The World Tunnel Congress 2023, held from 12 to 18 May in Athens, was a joyful and varied affair. From sporting events to round tables, technical papers to social events, it was a time for attendees to celebrate the industry’s achievements but also to address some of the major changes and challenges that are facing society – and tunnelling.
“We are all here in such numbers because we understand that the world needs us now,” Professor Arnold Dix, the president of the International Tunnelling and Underground Space Association (ITA), told the opening session of the congress. “We are many peoples, we share just one planet and what we can offer the future is uniquely with us in terms of urban solutions, environmental protection and a way forward for our species and the species we share the planet with.”
Change was in the air at the congress, which was organised by the Greek Tunnelling Association. The ITA now has a new cross-cutting sustainability group, headed by Tommy Olsen of Cowi; a review of ITA’s working groups and committees is underway, led by ITA vice president Dr Jamal Rostami of Colorado School of Mines ; and management changes are planned too, with an official announcement expected soon. And, one year into his three-year tenure as president, Dix appears to be shifting the tone of the ITA, taking the opportunity on several occasions to underline the fact that different approaches are needed in different regions.
High on the agenda of the congress was the challenge of resilience and how underground space can help cities face the changing demands placed on them by urban migration and climate change. Projects in the spotlight included the Delhi Metro, Lisbon Drainage Masterplan and the Auckland Central Interceptor. Antonia Cornaro of Amberg Engineering, co-chair of the ITA’s Underground Space Committee ITACUS, presented on the new ‘Mission Earth First’ programme which seeks new underground solutions by considering how communities could live self-sufficiently in space.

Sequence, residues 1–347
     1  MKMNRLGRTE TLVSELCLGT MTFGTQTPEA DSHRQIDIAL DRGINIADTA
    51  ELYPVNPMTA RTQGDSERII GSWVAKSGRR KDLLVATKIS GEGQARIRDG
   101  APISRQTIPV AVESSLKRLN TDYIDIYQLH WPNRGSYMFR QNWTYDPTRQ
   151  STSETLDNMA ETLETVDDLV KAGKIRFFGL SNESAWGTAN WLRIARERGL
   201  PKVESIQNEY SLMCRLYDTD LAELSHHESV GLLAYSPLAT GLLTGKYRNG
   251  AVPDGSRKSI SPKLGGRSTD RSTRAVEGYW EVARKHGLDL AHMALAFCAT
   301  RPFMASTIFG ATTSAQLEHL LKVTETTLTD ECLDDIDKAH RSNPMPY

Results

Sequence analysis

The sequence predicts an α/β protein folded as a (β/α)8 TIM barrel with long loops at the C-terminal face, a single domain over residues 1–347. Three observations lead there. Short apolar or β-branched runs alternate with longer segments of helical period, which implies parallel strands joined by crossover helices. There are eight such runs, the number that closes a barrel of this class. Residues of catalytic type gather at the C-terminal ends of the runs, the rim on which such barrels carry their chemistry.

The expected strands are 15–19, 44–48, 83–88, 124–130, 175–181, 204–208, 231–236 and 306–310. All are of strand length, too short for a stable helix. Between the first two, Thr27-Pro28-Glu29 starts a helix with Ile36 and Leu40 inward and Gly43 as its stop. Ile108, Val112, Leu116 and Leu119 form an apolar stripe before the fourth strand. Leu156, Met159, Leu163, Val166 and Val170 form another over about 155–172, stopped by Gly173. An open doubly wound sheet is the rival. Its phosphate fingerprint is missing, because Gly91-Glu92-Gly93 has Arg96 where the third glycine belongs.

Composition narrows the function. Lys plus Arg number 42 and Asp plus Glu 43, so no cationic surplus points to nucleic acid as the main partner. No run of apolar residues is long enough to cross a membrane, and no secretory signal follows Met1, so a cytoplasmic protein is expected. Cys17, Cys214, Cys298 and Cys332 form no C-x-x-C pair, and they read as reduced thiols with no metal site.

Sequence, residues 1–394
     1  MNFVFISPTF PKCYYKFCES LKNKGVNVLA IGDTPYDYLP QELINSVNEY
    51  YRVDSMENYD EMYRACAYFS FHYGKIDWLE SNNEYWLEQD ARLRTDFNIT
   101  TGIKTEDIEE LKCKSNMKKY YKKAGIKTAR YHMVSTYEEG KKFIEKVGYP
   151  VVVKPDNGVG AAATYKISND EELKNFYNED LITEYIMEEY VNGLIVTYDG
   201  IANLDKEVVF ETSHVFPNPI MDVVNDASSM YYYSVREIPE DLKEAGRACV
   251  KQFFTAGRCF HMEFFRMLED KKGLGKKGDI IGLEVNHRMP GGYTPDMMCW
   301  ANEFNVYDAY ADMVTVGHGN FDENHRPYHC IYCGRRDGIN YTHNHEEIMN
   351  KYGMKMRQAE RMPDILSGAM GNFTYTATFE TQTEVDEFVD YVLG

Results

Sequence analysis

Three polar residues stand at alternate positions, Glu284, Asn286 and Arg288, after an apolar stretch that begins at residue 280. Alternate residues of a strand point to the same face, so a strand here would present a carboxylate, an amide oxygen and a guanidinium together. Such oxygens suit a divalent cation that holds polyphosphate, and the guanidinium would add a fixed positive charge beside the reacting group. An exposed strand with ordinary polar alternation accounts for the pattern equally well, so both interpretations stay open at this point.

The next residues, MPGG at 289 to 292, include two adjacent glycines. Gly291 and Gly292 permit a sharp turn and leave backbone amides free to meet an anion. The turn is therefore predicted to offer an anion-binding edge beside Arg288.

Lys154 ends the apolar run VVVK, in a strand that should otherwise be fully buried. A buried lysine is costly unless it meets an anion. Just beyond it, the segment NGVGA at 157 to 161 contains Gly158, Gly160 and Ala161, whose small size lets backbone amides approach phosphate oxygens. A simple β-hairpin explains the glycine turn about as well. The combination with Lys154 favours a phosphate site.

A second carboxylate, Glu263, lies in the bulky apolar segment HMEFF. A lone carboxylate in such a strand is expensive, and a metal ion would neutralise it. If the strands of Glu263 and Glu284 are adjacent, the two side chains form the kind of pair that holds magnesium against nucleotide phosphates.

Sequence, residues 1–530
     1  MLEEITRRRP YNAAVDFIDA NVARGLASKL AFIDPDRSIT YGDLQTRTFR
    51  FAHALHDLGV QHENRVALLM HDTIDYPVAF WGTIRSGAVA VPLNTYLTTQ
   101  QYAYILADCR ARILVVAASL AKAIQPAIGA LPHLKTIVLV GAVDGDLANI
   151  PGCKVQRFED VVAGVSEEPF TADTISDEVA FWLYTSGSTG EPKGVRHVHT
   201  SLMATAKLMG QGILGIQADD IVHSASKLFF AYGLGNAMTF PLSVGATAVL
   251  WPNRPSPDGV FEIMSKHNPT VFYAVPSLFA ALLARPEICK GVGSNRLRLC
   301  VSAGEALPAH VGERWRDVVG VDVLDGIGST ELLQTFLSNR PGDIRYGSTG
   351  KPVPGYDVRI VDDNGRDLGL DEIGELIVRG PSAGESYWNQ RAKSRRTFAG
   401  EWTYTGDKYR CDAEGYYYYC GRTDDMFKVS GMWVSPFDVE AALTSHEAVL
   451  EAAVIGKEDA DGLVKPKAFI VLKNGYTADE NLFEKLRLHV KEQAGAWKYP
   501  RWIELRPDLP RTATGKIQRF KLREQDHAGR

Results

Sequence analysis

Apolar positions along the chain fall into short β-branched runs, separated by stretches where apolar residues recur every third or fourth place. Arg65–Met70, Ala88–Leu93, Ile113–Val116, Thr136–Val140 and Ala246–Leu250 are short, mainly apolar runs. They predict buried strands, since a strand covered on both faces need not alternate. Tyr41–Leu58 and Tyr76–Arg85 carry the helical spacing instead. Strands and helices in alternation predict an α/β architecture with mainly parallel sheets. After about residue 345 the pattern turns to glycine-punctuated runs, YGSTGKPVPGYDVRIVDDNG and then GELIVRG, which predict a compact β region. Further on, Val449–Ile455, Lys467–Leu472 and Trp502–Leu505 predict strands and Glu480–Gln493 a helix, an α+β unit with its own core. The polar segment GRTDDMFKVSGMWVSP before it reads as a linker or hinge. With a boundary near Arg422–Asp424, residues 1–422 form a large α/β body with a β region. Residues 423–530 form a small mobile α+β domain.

Five working and activity groups presented the fruits of their labour to the congress. Sindre Log of ITAtech and Sintef reported on new guidance on rock classification for TBMs: Günther Volkmann of ITAtech and DSI Underground outlined new guidance on radial bolts for conventional tunnelling; Magalu Schivre, co-founder of INCAS Partners and Roberto Schuerch of Pini International showcased ITA Working Group 17’s (WG17’s) guide to logistics for long and deep tunnels; Marcel’t Hart of TEC presented WG11’s guide to submerged floating tunnels; Patrick Bravery, Liberty Specialty Markets, presented the 3rd edition of the risk management code of practice, a joint publication between ITA and IMIA, the international association of engineering insurers.
WTC2023 saw the first ever ‘Women in Construction’ session, run by Professor Chrysothemis Paraskevopoulou, of Leeds University and Dr Paraskevi Yiouta-Mitra of the National Technical University of Athens. Extremely well attended, the session included career histories from women including Sanja Zlatanic, tunnel services practice leader at HNTB, a presentation from the Canadian Tunnelling Association (TAC) about its efforts to understand the flow of young women out of the industry, and some frank discussions about some of the barriers experienced by women and other under-represented groups in tunnelling.
Fitting for the birthplace of the Olympics, WTC2023’s programme included two ‘athletic events’. First a cricket match to celebrate the Pakistan Tunnelling Association joining the ITA family where Tunnelling Journal editor Tris Thomas opened the bowling for the team comprising players from the UK, Australia and Pakistan. Competitiveness soon gave way to coaching, as children from the school hosting the event were invited onto the pitch with Pakistan donating cricket equipment to the children at the end of the sessions. Thursday saw a symbolic run of ten laps around the Panathenaic Stadium, an impressive feat for anyone after Wednesday night’s conference dinner held at Golf Prive to the south of Athens. Participants in the run donated money to go to charity ELEAP which rehabilitates children with disabilities. Unfortunately, Tunnelling Journal can claim no sporting glories from this event as its ‘athletes’ were in recovery.